• RRP: £16.99
  • You Save: £3.11 (18%)
FREE Delivery in the UK.
In stock.
Dispatched from and sold by Amazon. Gift-wrap available.
Essential English for Jou... has been added to your Basket
+ £2.80 delivery
Used: Very Good | Details
Condition: Used: Very Good
Comment: Expedited shipping available on this book. The book has been read, but is in excellent condition. Pages are intact and not marred by notes or highlighting. The spine remains undamaged.
Have one to sell?
Flip to back Flip to front
Listen Playing... Paused   You're listening to a sample of the Audible audio edition.
Learn more
See all 3 images

Essential English for Journalists, Editors and Writers (Pimlico) Paperback – 4 May 2000

4.4 out of 5 stars 22 customer reviews

See all 2 formats and editions Hide other formats and editions
Amazon Price
New from Used from
Kindle Edition
Paperback
£13.88
£10.99 £3.17
Note: This item is eligible for click and collect. Details
Pick up your parcel at a time and place that suits you.
  • Choose from over 13,000 locations across the UK
  • Prime members get unlimited deliveries at no additional cost
How to order to an Amazon Pickup Location?
  1. Find your preferred location and add it to your address book
  2. Dispatch to this address when you check out
Learn more
click to open popover


Frequently bought together

  • Essential English for Journalists, Editors and Writers (Pimlico)
  • +
  • Do I Make Myself Clear?: Why Writing Well Matters
Total price: £29.87
Buy the selected items together

Enter your mobile number or email address below and we'll send you a link to download the free Kindle App. Then you can start reading Kindle books on your smartphone, tablet, or computer - no Kindle device required.

  • Apple
  • Android
  • Windows Phone

To get the free app, enter your mobile phone number.



Product details

  • Paperback: 320 pages
  • Publisher: Pimlico; 2Rev Ed edition (4 May 2000)
  • Language: English
  • ISBN-10: 0712664475
  • ISBN-13: 978-0712664479
  • Product Dimensions: 13.5 x 2.5 x 21.3 cm
  • Average Customer Review: 4.4 out of 5 stars 22 customer reviews
  • Amazon Bestsellers Rank: 21,267 in Books (See Top 100 in Books)
  • Would you like to tell us about a lower price?
    If you are a seller for this product, would you like to suggest updates through seller support?

Product description

Amazon Review

Don't write "remunerate" when you mean "pay". You should "send" not "transmit" and "help" but not "facilitate". Take care with meanings too. If you're "disinterested" you're not bored, you're impartial. "Less" is not interchangeable with "fewer" and a "principle" is different from a "principal".

Harold Evans, editor of The Sunday Times from 1967 to 1981 and then of The Times for a year, first wrote his Newsman's English and News Headlines in the 1970s. In an age of increasingly sloppy English, Evans's books acquired the status of classics with their condemnation of dangling participles and gratuitous adjective and adverbs. Now they've been edited, updated and merged into a single new volume by Crawford Gillan. The emphasis, which hasn't dated at all, is still on the need for plain muscular English which says what it has to say in as few well-chosen words as possible.

The book has at least three uses. First, it could be a text book for trainee journalists, especially given the large number of published verbose examples Evans quotes and then rewrites as demonstration pieces. Second, it has plenty of advice for experienced journalists and editors trying to write better. Third, it is full of useful advice for anyone--beyond the media--who wants to write more coherently.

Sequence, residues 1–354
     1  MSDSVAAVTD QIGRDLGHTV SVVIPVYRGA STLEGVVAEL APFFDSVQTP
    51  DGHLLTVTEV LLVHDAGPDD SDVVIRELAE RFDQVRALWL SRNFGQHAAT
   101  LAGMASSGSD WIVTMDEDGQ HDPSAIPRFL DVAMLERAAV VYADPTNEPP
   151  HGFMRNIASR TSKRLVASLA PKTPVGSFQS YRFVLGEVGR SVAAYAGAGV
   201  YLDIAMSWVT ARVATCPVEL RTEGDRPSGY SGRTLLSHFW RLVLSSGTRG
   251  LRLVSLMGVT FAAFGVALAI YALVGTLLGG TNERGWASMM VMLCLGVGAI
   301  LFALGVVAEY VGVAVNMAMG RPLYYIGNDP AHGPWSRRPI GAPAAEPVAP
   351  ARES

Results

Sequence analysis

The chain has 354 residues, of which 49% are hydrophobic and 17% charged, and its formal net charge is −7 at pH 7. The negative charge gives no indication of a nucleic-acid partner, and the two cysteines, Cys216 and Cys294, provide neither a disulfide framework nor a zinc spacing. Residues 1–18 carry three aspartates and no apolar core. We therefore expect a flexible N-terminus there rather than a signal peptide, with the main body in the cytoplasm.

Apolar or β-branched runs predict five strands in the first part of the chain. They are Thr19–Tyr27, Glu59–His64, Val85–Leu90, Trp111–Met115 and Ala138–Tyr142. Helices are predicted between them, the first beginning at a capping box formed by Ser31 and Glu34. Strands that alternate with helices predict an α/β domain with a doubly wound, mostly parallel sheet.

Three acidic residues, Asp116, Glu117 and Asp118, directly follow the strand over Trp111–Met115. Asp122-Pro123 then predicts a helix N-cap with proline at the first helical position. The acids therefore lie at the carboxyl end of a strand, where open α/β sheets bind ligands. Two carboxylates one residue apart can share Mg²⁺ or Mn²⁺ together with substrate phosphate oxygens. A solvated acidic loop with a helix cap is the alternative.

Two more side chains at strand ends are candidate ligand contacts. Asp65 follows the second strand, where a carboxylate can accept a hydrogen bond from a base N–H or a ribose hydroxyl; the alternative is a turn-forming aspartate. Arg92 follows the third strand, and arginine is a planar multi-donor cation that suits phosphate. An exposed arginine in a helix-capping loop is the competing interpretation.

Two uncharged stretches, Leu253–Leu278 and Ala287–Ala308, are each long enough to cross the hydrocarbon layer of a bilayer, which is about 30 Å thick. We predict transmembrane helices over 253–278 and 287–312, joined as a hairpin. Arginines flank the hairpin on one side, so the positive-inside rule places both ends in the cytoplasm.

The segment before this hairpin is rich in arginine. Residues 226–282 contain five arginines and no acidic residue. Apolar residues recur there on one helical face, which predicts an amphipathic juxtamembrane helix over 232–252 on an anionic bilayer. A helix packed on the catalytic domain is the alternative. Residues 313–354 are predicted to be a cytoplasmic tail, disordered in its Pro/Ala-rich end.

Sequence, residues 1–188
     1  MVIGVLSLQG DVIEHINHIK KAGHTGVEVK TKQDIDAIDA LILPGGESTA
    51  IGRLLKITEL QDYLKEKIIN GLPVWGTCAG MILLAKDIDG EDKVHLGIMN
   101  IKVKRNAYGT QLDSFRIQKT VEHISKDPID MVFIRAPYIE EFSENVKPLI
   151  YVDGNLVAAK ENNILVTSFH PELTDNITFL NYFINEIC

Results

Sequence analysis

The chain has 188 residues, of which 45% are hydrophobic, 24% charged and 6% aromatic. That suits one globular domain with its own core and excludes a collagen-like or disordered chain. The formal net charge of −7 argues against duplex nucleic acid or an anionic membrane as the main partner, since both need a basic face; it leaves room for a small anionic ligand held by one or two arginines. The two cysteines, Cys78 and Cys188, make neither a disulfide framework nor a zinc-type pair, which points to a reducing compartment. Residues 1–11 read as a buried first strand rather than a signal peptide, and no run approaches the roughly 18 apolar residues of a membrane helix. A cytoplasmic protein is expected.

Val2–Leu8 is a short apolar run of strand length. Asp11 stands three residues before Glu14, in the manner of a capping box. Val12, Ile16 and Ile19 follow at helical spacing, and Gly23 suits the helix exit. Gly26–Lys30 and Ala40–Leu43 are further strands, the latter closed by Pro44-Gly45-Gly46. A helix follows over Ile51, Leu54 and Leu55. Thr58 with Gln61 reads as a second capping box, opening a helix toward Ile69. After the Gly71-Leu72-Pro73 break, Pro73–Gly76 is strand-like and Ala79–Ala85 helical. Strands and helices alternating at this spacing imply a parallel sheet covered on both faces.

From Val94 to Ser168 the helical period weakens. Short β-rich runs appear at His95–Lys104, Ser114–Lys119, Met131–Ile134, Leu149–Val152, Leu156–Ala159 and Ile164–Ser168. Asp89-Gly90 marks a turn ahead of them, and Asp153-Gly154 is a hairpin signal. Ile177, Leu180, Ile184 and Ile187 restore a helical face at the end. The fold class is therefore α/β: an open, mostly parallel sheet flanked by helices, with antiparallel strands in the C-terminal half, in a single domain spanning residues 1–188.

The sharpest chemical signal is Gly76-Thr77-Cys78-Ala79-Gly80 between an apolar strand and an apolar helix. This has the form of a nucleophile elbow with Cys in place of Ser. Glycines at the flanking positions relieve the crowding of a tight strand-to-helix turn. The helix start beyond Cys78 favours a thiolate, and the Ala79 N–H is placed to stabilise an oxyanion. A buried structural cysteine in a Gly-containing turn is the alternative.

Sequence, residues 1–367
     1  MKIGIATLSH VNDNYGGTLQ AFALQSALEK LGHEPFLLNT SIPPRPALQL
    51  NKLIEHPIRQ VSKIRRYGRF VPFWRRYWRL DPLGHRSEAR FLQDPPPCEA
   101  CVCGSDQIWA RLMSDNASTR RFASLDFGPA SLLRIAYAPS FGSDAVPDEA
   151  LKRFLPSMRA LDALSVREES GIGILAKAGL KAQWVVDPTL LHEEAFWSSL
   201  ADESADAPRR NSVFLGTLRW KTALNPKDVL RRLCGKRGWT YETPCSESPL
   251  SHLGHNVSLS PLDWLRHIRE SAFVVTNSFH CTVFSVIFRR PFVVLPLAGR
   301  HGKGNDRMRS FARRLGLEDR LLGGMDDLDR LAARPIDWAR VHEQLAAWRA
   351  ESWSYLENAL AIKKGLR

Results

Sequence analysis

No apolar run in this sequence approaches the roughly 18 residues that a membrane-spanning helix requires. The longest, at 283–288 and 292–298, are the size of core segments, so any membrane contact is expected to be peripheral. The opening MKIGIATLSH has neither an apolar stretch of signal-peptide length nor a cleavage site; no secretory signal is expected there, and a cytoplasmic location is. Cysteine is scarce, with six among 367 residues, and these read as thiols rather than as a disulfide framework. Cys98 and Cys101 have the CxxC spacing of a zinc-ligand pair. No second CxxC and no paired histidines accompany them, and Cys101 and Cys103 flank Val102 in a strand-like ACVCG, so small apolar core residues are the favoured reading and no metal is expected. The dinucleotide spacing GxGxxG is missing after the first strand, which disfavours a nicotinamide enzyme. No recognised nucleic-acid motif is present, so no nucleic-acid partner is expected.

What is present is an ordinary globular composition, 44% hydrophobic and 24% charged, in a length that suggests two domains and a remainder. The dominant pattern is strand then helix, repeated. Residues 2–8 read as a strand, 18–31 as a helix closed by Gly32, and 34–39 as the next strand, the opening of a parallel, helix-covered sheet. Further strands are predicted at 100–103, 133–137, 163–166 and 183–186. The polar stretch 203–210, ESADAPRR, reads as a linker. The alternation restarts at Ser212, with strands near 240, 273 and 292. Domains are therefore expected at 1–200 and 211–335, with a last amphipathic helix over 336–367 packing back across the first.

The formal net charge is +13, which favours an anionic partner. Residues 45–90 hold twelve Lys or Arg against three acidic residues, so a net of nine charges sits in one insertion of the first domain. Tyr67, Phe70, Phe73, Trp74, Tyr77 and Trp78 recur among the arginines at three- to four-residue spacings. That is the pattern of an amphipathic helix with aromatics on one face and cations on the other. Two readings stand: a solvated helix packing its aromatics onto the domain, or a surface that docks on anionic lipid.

Essential English certainly raises awareness. You probably won't read it without feeling obliged to double back and delete your redundancies the next time you write something. In the common expression "depreciate in value" the last two words, for instance, can go without loss of meaning. You don't need "gainful" in front of "employment" either and Evans lists dozens of other examples. And be brutal with tired expressions such as "wealth of information" or "pillar of the church", he advises. He also provides an intriguing thesaurus for headline writers in search of pithiness. For "harmonisation," try "accord", "bargain", "compact", "pact", "peace", or "truce", he says. --Susan Elkin

Review

"Demonstrates how to clear whole jungles of vagueness and verbal clutter" (Times Literary Supplement)

"Every journalist in England should read this exceptional book. Harry Evans is a master of our trade and a master of how to use the English language" (Piers Morgan)

"English is the world's most used and abused language. This book in on the side of the angels. It should become an essential textbook for every journalist" (Paul Dacre, editor of the Daily Mail)

"Harry Evans is one of the great newspaper professionals of his time, and his book should be a standard text for every journalist" (Max Hastings, Editor, Evening Standard)

"Thank God it's back in print. It has never been more necessary" (John Humphrys)

See all Product description

Customer reviews

Top customer reviews

9 March 2018
Format: Paperback|Verified Purchase
14 March 2018
Format: Paperback|Verified Purchase
17 February 2015
Format: Paperback|Verified Purchase
14 June 2017
Format: Paperback|Verified Purchase
7 November 2013
Format: Paperback|Verified Purchase
3 people found this helpful
|Comment|Report abuse
14 November 2014
Format: Paperback|Verified Purchase
7 October 2014
Format: Kindle Edition|Verified Purchase

Would you like to see more reviews about this item?

Where's My Stuff?

Delivery and Returns

Need Help?